When a parent becomes dependent on you to assist them with everyday tasks such as bathing, dressing, meal preparation, or running errands — life can change drastically for both you and your parent.
After a lifetime of your parent being the caregiver, this role-reversal can create tension in your relationship.
Setting aside dementia caregiving, which brings its own challenges, research on the definition of a healthy relationship between a parent and a caregiving child is based on two things:
- Preserving the intergenerational relationship. This means that your parent should still function as the parent.
- Embracing the caregiving role of the adult child. Your parent should be able to receive care from you without resentment, and you should be able to step into the caregiving role without feeling forced.
The key to managing this transition successfully is to know what part of your parent-child relationship has changed and to embrace it. And, to know which part of the relationship hasn’t changed and to protect it.
Here are some common challenges family caregivers face when making the transition, and how to make the transition easier.
The Stubborn Parent
One challenge family caregivers often face is handling a stubborn parent. In fact, it’s so common that stubbornness is a self-reported problem in 90 percent of families with aging parents.
It’s not uncommon for parents to respond negatively to an adult child who offers advice or assistance. You might see mom or dad insist on doing things “their way”. They might resist trying things a new way.
Researchers say open communication (and agreement) about needs, desires and goals are crucial in moving past stubbornness and into collaboration.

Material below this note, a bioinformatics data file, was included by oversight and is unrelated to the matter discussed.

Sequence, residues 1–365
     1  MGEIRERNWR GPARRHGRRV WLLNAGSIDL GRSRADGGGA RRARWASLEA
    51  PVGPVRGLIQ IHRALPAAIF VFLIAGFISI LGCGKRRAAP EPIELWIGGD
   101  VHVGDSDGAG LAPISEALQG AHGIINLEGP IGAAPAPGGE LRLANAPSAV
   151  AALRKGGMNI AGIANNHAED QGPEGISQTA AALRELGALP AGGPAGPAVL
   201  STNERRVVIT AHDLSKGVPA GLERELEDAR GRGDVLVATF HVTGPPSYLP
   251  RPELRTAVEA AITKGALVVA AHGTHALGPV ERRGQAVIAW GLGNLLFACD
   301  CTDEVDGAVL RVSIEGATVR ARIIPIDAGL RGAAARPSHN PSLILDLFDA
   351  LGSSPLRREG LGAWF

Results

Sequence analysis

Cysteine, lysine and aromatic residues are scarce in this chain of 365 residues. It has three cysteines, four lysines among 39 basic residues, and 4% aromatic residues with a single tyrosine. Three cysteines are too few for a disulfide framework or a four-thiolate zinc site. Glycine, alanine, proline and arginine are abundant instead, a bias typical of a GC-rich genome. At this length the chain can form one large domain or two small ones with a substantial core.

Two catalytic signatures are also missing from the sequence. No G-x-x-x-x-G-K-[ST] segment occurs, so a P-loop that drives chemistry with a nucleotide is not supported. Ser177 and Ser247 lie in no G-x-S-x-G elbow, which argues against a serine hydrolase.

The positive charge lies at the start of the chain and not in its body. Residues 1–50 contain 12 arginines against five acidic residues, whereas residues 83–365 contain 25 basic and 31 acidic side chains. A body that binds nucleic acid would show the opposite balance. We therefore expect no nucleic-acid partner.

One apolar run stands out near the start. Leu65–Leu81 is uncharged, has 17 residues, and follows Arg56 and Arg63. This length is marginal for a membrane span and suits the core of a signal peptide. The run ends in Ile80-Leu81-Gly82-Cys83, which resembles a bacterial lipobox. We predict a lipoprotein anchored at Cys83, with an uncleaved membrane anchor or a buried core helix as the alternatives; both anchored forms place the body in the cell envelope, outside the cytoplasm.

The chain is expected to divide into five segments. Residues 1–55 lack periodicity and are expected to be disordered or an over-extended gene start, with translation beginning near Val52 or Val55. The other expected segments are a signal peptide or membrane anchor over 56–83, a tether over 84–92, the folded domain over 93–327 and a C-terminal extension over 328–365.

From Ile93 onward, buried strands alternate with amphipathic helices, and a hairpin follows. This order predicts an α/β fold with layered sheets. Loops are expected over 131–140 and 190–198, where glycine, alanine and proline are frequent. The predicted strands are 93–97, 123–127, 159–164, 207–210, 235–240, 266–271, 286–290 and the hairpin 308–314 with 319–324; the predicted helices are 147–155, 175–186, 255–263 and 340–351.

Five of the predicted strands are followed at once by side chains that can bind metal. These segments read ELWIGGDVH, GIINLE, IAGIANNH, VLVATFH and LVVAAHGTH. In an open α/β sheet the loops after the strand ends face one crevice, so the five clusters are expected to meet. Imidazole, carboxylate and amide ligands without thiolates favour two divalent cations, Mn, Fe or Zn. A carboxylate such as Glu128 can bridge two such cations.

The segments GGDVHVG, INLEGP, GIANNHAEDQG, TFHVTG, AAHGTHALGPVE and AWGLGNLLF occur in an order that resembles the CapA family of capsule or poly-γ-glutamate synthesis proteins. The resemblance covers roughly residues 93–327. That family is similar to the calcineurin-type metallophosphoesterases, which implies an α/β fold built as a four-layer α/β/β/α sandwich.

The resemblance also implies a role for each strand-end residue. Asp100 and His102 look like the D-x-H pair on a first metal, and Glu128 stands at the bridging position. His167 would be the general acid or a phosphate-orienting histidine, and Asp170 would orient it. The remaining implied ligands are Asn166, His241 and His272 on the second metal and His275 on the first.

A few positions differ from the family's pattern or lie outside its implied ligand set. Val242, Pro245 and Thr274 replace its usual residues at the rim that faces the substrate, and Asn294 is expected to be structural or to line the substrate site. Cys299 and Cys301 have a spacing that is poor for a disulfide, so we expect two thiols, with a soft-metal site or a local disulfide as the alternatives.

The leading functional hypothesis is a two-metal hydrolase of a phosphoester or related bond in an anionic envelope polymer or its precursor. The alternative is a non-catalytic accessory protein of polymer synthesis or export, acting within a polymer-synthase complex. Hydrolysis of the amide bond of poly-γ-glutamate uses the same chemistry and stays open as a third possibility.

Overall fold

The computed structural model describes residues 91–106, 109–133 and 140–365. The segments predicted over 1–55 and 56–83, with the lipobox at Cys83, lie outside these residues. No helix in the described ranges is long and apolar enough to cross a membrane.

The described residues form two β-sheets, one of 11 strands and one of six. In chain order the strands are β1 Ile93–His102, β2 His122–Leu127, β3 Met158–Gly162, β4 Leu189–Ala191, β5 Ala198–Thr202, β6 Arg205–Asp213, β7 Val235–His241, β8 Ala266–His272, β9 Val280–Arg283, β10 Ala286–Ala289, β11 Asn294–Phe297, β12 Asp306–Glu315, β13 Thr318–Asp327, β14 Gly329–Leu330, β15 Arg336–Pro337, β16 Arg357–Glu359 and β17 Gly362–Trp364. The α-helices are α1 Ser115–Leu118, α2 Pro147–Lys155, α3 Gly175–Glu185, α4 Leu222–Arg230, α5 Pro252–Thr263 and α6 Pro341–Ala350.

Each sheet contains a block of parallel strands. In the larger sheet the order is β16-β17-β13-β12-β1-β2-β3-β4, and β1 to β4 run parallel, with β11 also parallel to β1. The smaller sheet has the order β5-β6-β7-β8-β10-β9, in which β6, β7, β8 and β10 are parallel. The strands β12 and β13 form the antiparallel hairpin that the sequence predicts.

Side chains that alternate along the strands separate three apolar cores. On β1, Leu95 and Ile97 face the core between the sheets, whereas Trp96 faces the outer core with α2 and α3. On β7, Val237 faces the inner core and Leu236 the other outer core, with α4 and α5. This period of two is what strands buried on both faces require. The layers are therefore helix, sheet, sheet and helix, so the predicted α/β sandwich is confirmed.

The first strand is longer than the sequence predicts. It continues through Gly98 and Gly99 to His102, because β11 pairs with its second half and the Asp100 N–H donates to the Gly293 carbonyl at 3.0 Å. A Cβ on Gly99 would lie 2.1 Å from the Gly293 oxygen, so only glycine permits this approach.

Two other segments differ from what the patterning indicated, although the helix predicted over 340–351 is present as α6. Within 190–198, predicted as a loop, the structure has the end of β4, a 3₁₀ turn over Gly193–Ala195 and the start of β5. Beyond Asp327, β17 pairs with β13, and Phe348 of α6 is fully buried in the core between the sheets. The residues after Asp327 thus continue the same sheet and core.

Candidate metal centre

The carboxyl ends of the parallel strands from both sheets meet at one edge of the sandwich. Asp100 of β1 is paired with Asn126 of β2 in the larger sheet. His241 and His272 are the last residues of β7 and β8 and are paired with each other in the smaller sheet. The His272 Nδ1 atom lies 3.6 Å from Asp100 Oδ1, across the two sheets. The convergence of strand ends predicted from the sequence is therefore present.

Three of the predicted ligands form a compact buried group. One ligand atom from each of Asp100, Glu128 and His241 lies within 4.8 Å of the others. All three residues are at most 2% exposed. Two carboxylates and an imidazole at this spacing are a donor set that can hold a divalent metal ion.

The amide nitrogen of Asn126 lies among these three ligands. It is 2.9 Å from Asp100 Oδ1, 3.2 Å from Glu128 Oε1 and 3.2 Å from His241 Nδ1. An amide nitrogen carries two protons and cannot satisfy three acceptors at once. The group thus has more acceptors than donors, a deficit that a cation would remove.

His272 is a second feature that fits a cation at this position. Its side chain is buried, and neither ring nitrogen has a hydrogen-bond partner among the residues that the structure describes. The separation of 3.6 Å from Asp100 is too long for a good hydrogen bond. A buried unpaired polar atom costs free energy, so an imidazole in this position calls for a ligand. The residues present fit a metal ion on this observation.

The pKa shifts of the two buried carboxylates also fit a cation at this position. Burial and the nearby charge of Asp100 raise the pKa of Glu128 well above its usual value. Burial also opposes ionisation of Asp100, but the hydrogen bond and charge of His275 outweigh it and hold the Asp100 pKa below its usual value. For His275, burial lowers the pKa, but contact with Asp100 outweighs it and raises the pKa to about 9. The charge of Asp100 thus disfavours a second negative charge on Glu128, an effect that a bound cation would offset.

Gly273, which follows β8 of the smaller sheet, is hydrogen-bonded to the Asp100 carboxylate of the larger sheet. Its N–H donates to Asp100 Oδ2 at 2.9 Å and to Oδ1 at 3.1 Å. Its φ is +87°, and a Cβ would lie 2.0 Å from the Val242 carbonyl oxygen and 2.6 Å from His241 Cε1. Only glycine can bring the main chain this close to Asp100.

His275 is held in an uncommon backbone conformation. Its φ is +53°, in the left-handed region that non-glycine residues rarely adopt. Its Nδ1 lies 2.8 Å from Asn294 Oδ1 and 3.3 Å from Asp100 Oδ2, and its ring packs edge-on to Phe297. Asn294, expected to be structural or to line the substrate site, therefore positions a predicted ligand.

The Defensive Parent
When a parent turns over the responsibility of everyday activities like paying bills, helping them with a shower, or managing medications, it can really put a parent on the defensive. Your parent might struggle with feeling like they’ve lost control, or even purpose in their life.
Be sure to talk to them, not about them, when attending doctor’s appointments, or managing other relationships such as a financial planner or bank. Be sure there is a clear understanding of what your parent does want help with, and what they would prefer to continue to manage on their own.
Use baby steps to make the transition. For example, when setting up mom’s medications, have her check that they look correct. Keeping a parent involved can help stifle feelings of losing control.
The Withdrawn Parent
A parent who appears to be indifferent may actually be withdrawing in their relationship with you. This can happen for a few reasons. Your parent may feel like you don’t value their opinion. They might also feel unsure because of the changes they’ve experienced physically and emotionally.
Rather than making all decisions for your parent, use options as much as possible and let your parent choose. For example, offering to help your mom shower in the morning or evening, whichever they’d prefer is a great way to allow them some autonomy as you step into a more hands-on role. Even though you may be responsible for writing the checks out, your parent may still want to review and “approve” paying the bills. Find a middle-ground that allows you to accomplish your caregiving responsibilities, but doesn’t leave your parent feeling useless.
And finally, don’t forget that your parent is still and will always be your “mom” or “dad.” Ask them for advice on something you’re dealing with in your life. A lifetime of accumulated wisdom stays fresh and useful long after joints and muscles give out.
Find more tips about navigating family caregiving in our guide Becoming a Family Caregiver.